My first dead body

A few years back, I was just like most people in the western world alive this century – I’d never seen a dead body. Obviously since then I’ve seen a fair few. But they still freak me out a bit.

I remember my first day at medical school – when they took us down to the dissection room to be introduced to the cadavers. A funereal looking gentleman, with a voice from beyond the grave, slowly peeled the cover back, while talking us through what we’d be expected to learn in dissection. I spent the entire time repeating over and over in my head ‘don’t faint don’t faint don’t faint don’t faint’ and leaning against a metal chest of drawers for support. One by one a number of future doctors excused themselves to ‘get some air’, while I gritted my teeth. If I’d have known that the metal chest of drawers contained a selection of pickled limbs, I’d have keeled over there and then, but luckily I didn’t find that out till week 3. And by then I was a bit more hardy.

Anyway – this is how I felt when I first had to deal with a dead body as a doctor…

There is nothing a junior doctor remembers better than the first person they confirm dead. At morning handover a nurse tells you bluntly that there’s one less patient for the list, and ushers you towards a curtain-surrounded bed. You grit your teeth and go in. And there it is. Your first dead patient. They certainly look dead – they’re a sort of yellow-grey and their mouth is usually open, and their eyes closed. But you have to make sure, and in order to confirm someone has died there is a routine you have to go through –

 

1) Try to rouse the patient by voice and pain

2) Listen to the chest with steth for breath sounds for one minute

3) Listen to the chest with steth for heart sounds for one minute

4) Feel for a central pulse for one minute

5) Open the patient’s eyes and shine a torch in and check that the pupils remain fixed and dilated…

 

All of which is a bit pointless because when you see a dead body, you know it’s a dead body. It just doesn’t look the same – it just looks like an empty vehicle that ‘you’ drove around in for 80 odd years, and then abandoned.

 

Which isn’t to say it isn’t both freaky and scary. To be alone with a dead body when you haven’t yet had your breakfast is a bit odd. Then you add in the fact that there are plenty of times that you can’t hear breath sounds (e.g. on a fat patient, or one breathing very gently) or heart sounds (ditto on the fat patient), and there are plenty of times when someone doesn’t respond to voice or pain (not least the ortho SHO who overdoes it at the mess party and cannot be roused from the corner of the club for the night bus home). And central pulses can be a bugger to find (see fat patient). SO the only surefire way you can make sure this dead person is actually dead is to shine the torch in their eyes. And there’s nothing that feels more invasive than lifting a dead person’s eyelid and shining a torch into it. You feel like someone somewhere is going ‘OI – YOU! That body served me well for 80 odd years – can’t you just leave it in peace now?’

 

Once that’s done you write the time of death in the notes – which is actually the time that you see the patient and confirm their death – not the actual time of death. Which, if this patient dies in the night, can be some hours afterwards.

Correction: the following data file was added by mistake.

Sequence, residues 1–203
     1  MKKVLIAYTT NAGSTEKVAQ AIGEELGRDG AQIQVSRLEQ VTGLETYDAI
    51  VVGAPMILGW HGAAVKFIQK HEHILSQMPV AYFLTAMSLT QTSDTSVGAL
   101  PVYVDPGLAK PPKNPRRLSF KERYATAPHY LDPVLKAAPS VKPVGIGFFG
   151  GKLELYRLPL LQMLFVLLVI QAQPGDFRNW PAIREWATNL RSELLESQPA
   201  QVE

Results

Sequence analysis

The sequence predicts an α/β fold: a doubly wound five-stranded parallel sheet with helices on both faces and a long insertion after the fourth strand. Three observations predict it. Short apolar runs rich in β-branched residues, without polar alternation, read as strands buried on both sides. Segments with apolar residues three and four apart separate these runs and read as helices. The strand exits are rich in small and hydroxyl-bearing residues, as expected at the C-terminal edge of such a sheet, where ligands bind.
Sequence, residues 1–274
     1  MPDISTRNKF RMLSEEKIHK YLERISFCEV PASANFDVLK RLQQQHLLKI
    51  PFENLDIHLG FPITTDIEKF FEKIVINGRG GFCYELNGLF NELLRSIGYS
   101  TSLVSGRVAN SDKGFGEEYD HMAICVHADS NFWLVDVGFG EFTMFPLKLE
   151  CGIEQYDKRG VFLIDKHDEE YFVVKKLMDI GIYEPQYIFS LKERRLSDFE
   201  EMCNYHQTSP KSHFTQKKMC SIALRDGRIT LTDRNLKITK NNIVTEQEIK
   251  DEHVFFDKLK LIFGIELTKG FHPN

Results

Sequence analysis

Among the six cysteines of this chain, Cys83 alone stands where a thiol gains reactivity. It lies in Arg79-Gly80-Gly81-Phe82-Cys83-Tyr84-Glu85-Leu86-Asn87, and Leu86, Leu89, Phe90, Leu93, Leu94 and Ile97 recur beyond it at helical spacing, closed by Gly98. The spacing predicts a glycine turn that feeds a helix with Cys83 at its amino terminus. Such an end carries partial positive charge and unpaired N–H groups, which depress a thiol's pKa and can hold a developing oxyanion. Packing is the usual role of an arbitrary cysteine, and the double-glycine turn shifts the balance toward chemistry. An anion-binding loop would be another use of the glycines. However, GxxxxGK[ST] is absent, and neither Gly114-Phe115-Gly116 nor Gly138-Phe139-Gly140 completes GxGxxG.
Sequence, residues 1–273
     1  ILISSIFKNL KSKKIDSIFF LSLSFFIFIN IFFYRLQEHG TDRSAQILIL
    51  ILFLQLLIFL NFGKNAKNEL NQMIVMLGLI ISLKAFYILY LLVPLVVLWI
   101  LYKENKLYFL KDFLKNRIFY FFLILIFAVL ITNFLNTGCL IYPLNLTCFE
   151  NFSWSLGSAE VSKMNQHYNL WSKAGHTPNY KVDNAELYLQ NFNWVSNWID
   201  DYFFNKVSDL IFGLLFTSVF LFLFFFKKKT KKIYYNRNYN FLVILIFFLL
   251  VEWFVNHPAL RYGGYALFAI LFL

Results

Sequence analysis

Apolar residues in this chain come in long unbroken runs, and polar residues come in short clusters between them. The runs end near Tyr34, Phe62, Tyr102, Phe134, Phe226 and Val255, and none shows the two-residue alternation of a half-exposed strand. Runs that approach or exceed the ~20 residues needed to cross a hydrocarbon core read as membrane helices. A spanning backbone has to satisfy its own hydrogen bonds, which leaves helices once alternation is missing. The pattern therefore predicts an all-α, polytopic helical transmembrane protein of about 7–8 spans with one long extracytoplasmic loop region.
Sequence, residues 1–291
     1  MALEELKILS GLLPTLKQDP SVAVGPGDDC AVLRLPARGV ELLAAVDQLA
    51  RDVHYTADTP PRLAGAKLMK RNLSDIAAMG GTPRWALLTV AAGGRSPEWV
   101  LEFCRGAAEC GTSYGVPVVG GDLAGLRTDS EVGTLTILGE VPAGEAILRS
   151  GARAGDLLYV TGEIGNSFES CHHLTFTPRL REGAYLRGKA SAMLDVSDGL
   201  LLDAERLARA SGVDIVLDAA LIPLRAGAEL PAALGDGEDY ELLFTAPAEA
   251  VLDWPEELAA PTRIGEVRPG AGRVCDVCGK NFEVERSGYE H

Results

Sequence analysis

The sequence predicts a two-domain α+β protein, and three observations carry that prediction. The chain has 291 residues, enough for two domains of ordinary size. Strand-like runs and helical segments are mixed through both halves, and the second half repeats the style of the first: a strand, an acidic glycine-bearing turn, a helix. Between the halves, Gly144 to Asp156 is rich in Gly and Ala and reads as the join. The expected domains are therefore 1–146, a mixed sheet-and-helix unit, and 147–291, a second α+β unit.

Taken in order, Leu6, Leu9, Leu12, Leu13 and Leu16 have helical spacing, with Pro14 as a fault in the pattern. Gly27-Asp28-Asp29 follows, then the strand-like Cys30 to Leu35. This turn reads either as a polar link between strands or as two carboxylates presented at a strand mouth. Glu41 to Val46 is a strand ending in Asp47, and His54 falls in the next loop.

Then comes the tricky bit – death certificates. These are archaic old forms that require a PhD level of medicine to understand. But essentially you have to say why a person has died, and what other illnesses they had that contributed to this death. But, to be honest, a lot of the time you don’t actually know. An old person becomes breathless on the wards and dies soon after – have they had a heart attack? A clot in their lungs? Fluid on their lungs? Pneumonia? Sometimes, especially if the patient has just arrived on the ward, it can be difficult to tell. Now, in these cases you’re supposed to phone up the coroner to say you don’t know the cause of death, and the coroner then decides whether to hold a post mortem to find out why someone died. But for old, sick people this often seems a bit pointless, so you put what you think it might have been, and hope for the best.

 

Then it’s time for the cremation forms – and these are how most junior doctors pay their rent. Each time you fill in a crem form you get £73. It’s known as ‘ash cash’ and is highly prized. Unfortunately in order to get this ash cash it’s more form filling and a trip to the morgue to check that the patient doesn’t have a pacemaker – pacemakers can explode when cremated. So you pat the chest for a bit, and then run up to the wards to have a look at a recent chest x-ray – and check there’s nothing that will kill anyone working in a funeral parlour (what a way to go – death by dead body).

 

 

So basically a junior doctor is paid when a patient dies on their ward. Which isn’t the best way to incentivise someone to keep someone alive. Luckily no one likes new patients, as you have to get to know them, and do all sorts of work to understand what’s going on with them – which keeps you late at work. Everyone (except bed managers) prefers a patient who’s past medical history and latest blood results are on the tip of your tongue when your consultant asks for them. Which makes us want to keep patients alive. So all in all, your doctor prefers you alive to dead – happy day.

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